PEORIA, Ariz. -- Monday's 10-0 A's loss to the San Diego Padres was a game that won't last long in manager Bob Melvin's memory banks. Oakland managed just four hits, its pitchers got hammered and the only real offensive rally was killed by a pickoff.
That said, Melvin wasn't displeased with starter Jarrod Parker's second outing of the spring -- and neither was Parker -- despite the fact that the second-year right-hander gave up six hits and five runs in four innings, including a pair of solo homers.
"I actually thought he threw the ball pretty well," said Melvin of Parker. "He probably just didn't locate his fastball and they ambushed him on some early first-pitch fastballs. But it wasn't like he was behind all the time or wasn't crisp. He just got hit, and you don't see that very often with him."
Parker agreed that it was simply the Padres' day at the plate and didn't concern himself too much about getting knocked around a bit.
"It was either a hit early or an out early, so you take what you can out of it," Parker said. "I got rhrough four even though it's only my second time out this spring. I'm happy just getting through the fourth and start to build up that arm strength."
Parker's also happy that he has gone through six innings in two outings and has yet to issue a walk. In spring training a year ago, Parker's mechanics were a bit of a mess and he walked 13 hitters in 11 innings before finally finding himself at the start of the regular season.
"Once I got back to simple mechanics, I feel like I'm kind of past that stuff now," he said ."I don't think about it too much. I feel like I was pitching pretty free today. I haven't thrown any curveballs yet and I usually use a ton of them during the year, but I'm sure that'll come along."
As rough as it went for Parker, it was even more grim for left-hander Travis Blackley, who gave up five hits and four runs in 11/3 innings. As with Parker, Melvin thought Blackley didn't throw the ball all that poorly.
One downer for the A's — their third pitcher, reliever Fernando Rodriguez, had to leave the game after just one batter due to tightness in his elbow. Oakland expects to know more about Rodriguez Tuesday.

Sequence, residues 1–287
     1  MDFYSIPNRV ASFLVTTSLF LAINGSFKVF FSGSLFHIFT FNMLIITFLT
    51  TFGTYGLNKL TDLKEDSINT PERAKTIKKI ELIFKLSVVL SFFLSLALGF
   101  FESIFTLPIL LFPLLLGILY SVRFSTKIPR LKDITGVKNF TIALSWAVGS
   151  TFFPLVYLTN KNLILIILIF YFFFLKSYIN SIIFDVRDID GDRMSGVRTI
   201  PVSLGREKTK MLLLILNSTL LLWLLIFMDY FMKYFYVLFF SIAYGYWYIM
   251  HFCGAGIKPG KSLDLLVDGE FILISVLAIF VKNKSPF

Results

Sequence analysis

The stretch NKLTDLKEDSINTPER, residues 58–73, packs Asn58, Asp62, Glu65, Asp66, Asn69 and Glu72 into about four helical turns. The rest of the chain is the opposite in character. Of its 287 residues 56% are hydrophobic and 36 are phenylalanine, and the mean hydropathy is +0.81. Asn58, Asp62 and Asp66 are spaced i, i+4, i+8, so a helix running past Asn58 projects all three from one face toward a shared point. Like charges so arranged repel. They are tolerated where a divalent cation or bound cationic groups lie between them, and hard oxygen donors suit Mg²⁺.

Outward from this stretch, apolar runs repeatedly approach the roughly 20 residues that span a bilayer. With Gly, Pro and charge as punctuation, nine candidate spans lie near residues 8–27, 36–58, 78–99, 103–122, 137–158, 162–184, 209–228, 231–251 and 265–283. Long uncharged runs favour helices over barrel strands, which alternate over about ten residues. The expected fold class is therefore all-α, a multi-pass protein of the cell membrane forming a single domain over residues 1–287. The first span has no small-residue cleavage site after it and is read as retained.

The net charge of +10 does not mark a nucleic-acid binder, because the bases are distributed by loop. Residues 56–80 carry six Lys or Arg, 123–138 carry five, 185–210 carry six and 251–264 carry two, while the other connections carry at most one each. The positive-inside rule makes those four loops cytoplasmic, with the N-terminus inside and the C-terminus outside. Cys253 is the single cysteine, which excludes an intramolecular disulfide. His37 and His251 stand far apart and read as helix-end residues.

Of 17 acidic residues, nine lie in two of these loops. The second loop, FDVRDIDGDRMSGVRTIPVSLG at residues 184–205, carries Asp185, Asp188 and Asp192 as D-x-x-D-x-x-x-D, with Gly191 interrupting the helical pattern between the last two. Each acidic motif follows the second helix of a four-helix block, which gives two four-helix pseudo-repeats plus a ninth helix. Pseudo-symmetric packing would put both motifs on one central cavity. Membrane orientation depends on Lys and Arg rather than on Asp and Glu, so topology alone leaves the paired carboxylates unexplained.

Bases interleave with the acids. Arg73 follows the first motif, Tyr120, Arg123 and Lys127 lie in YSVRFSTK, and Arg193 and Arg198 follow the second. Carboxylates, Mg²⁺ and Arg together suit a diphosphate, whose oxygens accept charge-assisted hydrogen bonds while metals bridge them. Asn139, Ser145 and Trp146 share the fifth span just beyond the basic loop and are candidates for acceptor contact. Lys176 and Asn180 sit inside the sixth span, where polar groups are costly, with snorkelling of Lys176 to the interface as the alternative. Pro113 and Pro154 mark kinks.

A popular player among the A's players even though he was traded in November for infielder Andy Parrino and pitcher Andrew Werner, Ross threw three scoreless innings against Oakland, allowing two hits and a walk while striking out three.
Before the game, Ross received some ribbing from his new San Diego teammates after getting a little too friendly with his old mates.
"I probably said hello to one too many guys and some of the guys in the bullpen were saying `cut the cord,' " Ross said ."But I couldn't help it, those are my friends, and it was a good time seeing them and facing them. It was definitely different facing the guys in the white cleats instead of wearing them myself."
Ross, who attended Bishop O'Dowd High and Cal, said a change of scenery may have been the best thing for his career.
"It's been huge, it's been great for my confidence," Ross said. "The coaching staff here believes in me. It's a fresh start — new team, new guys -- I'm just really hitting the reset button."
Ross believes a couple of simple mechanical alterations suggested by Padres pitching coach Darren Balsley may be the key to harnessing command that was lacking too often during his time with Oakland. Melvin was impressed with what he saw.
"When he throws the ball over the plate, he's got a chance," Melvin said.
Anderson, who came out of the game after just eight pitches, played a little catch Monday and was hoping to throw his normal bullpen session Tuesday ,then make his next scheduled start Friday
Taylor cut his finger on a light fixture while winding up to throw away a piece of gum in the A's Phoenix Muni dugout. Several fixtures in the dugout have now been taped up to prevent a future mishap.